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WHO AM I...A New Introduction

I am a daughter, a sister, an auntie; and a student.

"Before I formed you in the womb, I knew you, I ordained you a prophet to the nations" (Jeremiah 1:5). This is my favorite scripture, because God knows everyone and everything before it happens.

In the past, I had a little setback, however, I do not let it define me. I am persistent, passionate, and excited about my work. I enjoy going to the movies, running, and painting pottery. I am more expressive, open-minded, and my moods are more stable. I welcome constructive criticism and I am very optimistic. I enjoy being around family and people in general, and I excel at challenges. I like the thrill of accomplishing my new dreams and goals.

I am explaining who I am because there are a lot of stereotypes about people with schizophrenia...They are lazy, they are not motivated, and they do not show emotion. However, I show a lot of emotion- I laugh, I cry, and get I upset at the appropriate times. They are violent, have split personality, and are manipulative. I am not an aggressive individual and never have been, I am not moody, and I am straightforward; not manipulative at all. I am just like everyone else, I make mistakes and have goals. In fact, I have a lot of goals, I plan on graduating from college, and working a full time job in public relations and marketing after school.

Additional stereotypes have the inaccurate belief that there is no hope for recovery, and that people with schizophrenia will always be in the hospital, this not true. I am living proof that recovery is possible. Now I am in the recovery stage; I take medication, get involved in group therapy, and work on a marketing internship.


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Religious Preoccupation

After a talk, a woman asked me if my faith contributed to my recovery because she noticed that I mentioned it throughout my speech. In addition to that, she told me that she observed people with faith as having a better outcome in their mental health recovery.

First, I came from a family with Christian values. My faith in God started to get intense during the latter years of high school, which in my opinion, is when I started having symptoms. In my experience religion plays a major role in my mental health- its delusions, its coping skills, and in my recovery. In medical terms they call my religious rituals and delusions "religious preoccupation."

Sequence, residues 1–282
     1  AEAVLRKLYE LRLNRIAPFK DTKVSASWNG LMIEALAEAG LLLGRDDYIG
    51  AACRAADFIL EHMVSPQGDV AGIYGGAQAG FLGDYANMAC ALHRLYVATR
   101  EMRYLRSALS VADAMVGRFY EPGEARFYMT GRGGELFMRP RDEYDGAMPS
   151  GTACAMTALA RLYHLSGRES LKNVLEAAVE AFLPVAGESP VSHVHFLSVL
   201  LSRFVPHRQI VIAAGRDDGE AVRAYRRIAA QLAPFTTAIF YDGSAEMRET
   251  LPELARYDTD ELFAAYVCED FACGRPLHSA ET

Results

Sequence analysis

Before I was diagnosed I was highly religious. In fact, I wanted to be an evangelist and to go to a Christian college. I would read my Bible for several hours a day throughout the day, listen to hymns, and meditate. Sometimes I would ignore people if they wanted my attention while I was meditating I was in such deep thought. Also, I …

How Can I Support Someone with Persecution Delusions

Recently, a reader asked how to support, or what to say to someone who has persecutory delusions and confides in them. I thought this question was profound. By investigating this question it could help so many people maintain or develop a trusting relationship with their relative, friend, or client, etc. I asked the opinion of my therapist, and she gave some pointers and asked me to remember a time when I was psychotic and what could someone have said to me to make me feel more comfortable...

When I was at my peak of psychosis everything was a sign from God- that truck making a U-turn meant go back, that taxi cab driver telling me to stay out of trouble meant he was in on it too. While I was psychotic I heard conflicting voices. When I would ask someone a question on the phone the voices would give different information. I was extremely paranoid. And almost everyone was a threat. I couldn't confide in relatives because they would tell my secrets, I couldn't trust friends becaus…

Lack of Trust: A Byproduct of My Mental Illness

In this entry, I'll share my experiences with Schizophrenia in regards to feeling lack of trust in others, paranoia, and isolation.... I remember my many episodes with Schizophrenia where I felt uneasy because of lack of trust in others. In the past, isolation was a giant bullying me around.

Sometimes my mind would take me to a place of fear, hurt, and an unsettling spirit, which started with what seemed like a strange look, or a different feeling around an individual, when in reality it was another symptom of my undiagnosed illness- paranoia. My paranoia was rampant and dictated my life prior to experiencing a crisis, which led me to jail and into forced treatment and to receive an official diagnosis of Schizophrenia in 2007.

In other words, my illness created enemies in my mind. For instance, I once believed my favorite kin was against me and I felt like she wanted me to fail, and I eventually thought she was conspiring to harm me. However, she never said anything to imply these f…